Article

Interventions for patients, providers, and health care organizations

Division of Preventive and Behavioral Medicine, University of Massachusetts Medical School, Worcester, Massachusetts 01655, USA.
Cancer (Impact Factor: 4.9). 09/2004; 101(5 Suppl):1165-87. DOI: 10.1002/cncr.20504
Source: PubMed

ABSTRACT Clinicians and the organizations within which they practice play a major role in enabling patient participation in cancer screening and ensuring quality services. Guided by an ecologic framework, the authors summarize previous literature reviews and exemplary studies of breast, cervical, and colorectal cancer screening intervention studies conducted in health care settings. Lessons learned regarding interventions to maximize the potential of cancer screening are distilled. Four broad lessons learned emphasize that multiple levels of factors-public policy, organizational systems and practice settings, clinicians, and patients-influence cancer screening; that a diverse set of intervention strategies targeted at each of these levels can improve cancer screening rates; that the synergistic effects of multiple strategies often are most effective; and that targeting all components of the screening continuum is important. Recommendations are made for future research and practice, including priorities for intervention research specific to health care settings, the need to take research phases into consideration, the need for studies of health services delivery trends, and methods and measurement issues.

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Available from: Stephenie C Lemon, Nov 10, 2014
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    • "In some countries, shared decision-making can take place in a primary care consultation before screening (Miles A. et al, 2004; Zapka and Lemon, 2004; Price et al, 2010; Zapka et al, 2011), but in the UK, which has an organised programme of cancer screening (NHS, 2012), information is mailed out with screening invitations, and the decision about whether to participate must be made by the individual. Although there is some variation between the breast, cervical and bowel screening programmes, and between the nations of the UK, in general the programmes encourage people to use the information provided to weigh up the pros and cons of screening. "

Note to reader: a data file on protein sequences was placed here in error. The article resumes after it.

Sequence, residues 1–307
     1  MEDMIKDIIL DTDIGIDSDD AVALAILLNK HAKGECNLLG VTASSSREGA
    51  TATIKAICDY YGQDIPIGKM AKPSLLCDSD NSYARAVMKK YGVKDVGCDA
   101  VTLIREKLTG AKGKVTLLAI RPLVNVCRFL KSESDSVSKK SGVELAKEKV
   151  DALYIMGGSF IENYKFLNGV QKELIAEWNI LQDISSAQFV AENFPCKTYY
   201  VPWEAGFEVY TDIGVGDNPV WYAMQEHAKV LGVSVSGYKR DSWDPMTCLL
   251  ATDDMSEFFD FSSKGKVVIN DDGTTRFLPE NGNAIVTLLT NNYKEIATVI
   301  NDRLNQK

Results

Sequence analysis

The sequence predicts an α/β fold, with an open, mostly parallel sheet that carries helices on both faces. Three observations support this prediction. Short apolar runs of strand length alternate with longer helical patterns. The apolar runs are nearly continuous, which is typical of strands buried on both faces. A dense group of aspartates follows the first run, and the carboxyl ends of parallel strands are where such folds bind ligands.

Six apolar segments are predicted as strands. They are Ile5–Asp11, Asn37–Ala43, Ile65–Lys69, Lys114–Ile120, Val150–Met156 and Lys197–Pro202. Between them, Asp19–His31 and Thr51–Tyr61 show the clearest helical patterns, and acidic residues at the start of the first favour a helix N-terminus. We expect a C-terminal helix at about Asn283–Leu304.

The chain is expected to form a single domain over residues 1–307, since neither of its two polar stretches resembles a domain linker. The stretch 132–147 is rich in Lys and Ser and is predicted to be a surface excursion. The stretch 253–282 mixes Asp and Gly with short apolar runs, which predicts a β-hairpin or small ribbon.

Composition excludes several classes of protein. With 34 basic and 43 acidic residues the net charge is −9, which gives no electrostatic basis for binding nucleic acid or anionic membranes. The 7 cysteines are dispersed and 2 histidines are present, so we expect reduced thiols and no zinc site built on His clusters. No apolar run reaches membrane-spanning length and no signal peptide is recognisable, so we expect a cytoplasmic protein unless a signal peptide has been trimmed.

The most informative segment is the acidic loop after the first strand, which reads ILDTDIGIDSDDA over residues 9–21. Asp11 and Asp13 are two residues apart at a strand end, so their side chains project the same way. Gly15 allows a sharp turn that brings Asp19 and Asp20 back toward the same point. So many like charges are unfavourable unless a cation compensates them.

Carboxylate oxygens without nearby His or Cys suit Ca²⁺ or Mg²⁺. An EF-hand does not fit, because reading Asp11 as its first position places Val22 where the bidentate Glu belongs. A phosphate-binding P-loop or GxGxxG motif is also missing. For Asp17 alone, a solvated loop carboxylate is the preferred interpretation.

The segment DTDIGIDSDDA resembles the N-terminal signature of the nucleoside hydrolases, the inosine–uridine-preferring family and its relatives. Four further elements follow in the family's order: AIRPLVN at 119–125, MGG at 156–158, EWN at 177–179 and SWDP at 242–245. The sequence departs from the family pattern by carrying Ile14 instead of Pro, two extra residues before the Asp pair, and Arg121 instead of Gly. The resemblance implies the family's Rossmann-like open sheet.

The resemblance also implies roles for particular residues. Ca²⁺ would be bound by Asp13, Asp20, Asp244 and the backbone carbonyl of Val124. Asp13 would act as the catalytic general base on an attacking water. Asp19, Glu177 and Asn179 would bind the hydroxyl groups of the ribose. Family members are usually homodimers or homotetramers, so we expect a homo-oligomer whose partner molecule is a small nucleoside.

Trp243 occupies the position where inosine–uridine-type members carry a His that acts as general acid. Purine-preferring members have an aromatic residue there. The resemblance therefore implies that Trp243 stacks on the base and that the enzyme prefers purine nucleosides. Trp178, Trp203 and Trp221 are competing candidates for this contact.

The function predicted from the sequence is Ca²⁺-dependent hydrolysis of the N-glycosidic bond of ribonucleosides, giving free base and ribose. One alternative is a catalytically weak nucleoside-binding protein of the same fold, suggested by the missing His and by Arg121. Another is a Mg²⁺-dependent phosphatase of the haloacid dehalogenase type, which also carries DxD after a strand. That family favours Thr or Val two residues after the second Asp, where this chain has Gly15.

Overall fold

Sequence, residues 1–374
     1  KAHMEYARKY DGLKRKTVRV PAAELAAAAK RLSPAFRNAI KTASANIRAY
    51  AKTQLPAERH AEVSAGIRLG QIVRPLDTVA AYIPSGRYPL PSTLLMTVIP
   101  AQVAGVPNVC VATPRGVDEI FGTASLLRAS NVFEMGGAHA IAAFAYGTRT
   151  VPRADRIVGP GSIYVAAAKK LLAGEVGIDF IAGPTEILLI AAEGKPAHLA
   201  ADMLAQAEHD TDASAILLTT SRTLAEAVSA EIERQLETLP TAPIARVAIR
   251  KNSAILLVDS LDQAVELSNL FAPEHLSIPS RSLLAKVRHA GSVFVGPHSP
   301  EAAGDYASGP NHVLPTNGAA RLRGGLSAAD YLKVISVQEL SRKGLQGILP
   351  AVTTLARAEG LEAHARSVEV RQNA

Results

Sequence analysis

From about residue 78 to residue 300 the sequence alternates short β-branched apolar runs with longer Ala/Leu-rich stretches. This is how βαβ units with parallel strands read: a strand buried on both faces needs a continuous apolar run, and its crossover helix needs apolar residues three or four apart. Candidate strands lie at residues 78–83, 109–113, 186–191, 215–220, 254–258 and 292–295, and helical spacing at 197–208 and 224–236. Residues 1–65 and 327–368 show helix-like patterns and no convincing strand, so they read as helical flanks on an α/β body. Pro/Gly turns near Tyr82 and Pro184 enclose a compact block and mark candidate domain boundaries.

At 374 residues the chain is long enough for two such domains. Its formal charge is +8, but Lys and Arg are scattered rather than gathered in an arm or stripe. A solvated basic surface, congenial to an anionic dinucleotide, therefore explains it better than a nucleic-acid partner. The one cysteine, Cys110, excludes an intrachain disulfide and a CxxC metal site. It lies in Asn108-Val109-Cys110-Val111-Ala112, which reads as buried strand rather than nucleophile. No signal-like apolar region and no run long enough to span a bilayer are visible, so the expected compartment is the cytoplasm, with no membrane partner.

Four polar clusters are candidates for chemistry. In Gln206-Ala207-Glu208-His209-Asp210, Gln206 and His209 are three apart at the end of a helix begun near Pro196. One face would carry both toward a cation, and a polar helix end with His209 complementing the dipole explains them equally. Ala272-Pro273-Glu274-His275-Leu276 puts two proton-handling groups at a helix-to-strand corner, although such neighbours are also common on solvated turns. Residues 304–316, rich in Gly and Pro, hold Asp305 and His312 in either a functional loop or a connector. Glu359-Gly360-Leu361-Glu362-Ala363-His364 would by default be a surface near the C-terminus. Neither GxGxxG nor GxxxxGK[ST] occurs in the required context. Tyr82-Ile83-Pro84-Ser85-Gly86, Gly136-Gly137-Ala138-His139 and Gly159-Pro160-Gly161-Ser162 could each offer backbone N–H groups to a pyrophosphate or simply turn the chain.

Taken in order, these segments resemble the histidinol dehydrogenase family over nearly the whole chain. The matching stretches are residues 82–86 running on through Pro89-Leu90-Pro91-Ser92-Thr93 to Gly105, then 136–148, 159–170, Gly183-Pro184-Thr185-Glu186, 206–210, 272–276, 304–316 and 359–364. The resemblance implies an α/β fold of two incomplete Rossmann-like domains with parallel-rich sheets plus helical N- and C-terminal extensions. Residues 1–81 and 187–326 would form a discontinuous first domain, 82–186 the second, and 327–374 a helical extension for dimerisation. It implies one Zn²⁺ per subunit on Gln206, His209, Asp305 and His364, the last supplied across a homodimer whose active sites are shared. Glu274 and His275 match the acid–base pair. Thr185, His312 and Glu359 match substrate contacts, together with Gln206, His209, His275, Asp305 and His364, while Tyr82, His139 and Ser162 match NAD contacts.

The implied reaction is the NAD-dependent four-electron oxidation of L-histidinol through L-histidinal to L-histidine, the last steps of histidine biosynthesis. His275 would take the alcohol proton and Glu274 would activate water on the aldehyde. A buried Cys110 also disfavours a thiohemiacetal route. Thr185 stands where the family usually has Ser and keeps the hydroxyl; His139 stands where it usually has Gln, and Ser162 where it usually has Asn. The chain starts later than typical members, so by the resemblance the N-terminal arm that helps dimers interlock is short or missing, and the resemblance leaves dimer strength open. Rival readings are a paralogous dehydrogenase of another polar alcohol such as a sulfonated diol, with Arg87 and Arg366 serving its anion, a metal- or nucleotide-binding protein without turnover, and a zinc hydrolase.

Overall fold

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    ABSTRACT: Background: Informed decision-making approaches to cancer screening emphasise the importance of decisions being determined by individuals' own values and preferences. However, advice from a trusted source may also contribute to autonomous decision-making. This study examined preferences regarding a recommendation from the NHS and information provision in the context of colorectal cancer (CRC) screening. Methods: In face-to-face interviews, a population-based sample of adults across Britain (n=1964; age 50–80 years) indicated their preference between: (1) a strong recommendation to participate in CRC screening, (2) a recommendation alongside advice to make an individual decision, and (3) no recommendation but advice to make an individual decision. Other measures included trust in the NHS and preferences for information on benefits and risks. Results: Most respondents (84%) preferred a recommendation (47% strong recommendation, 37% recommendation plus individual decision-making advice), but the majority also wanted full information on risks (77%) and benefits (78%). Men were more in favour of a recommendation than women (86% vs 81%). Trust in the NHS was high overall, but the minority who expressed low trust were less likely to want a recommendation. Conclusion: Most British adults want full information on risks and benefits of screening but they also want a recommendation from an authoritative source. An ‘expert' view may be an important part of autonomous health decision-making.
    British Journal of Cancer 11/2012; 107(12). DOI:10.1038/bjc.2012.512 · 4.82 Impact Factor
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    • "Despite numerous patient and provider barriers to CRCS, the most influential factor determining adherence to the CRCS guidelines is provider recommendation [17] [18] [19] [20] [21] [22]. Yet, due to those barriers, providers often miss CRCS opportunities for their patients [23] [24]. Combining multiple provider-directed with officesystem-directed interventions in the primary care setting shows the most potential to increase CRCS rates [15] [25] [26] [27]. "
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    • "Thus, the HBF represents a synthesis of some of the major theoretical formulations in the area of health behavior, such as Social Cognitive Theory (Bandura et al., 1989, 2004), the Health Belief Model (Becker, Maiman, 1974), the Theory of Planned Behavior (Ajzen 2002, Madden et al., 1992, Ajzen, Madden, 1986; Fishbein, Ajzen, 1975), the Transtheoretical Model of Change (Prochaska, DiClemente, 1983; Prochaska, 1992), and Social Influence Theory (Greer, 1988; Lomas & Haynes, 1988; Mittman et al., 1992). In addition, the model considers the context within which the desired behavior and behavior change are enacted, including characteristics of the provider and the health care setting (Wagner, 1998; Zapka & Lemon, 2004), as well as larger community and societal influences (Ponce et al., 2005; Babey et al., 2008). "
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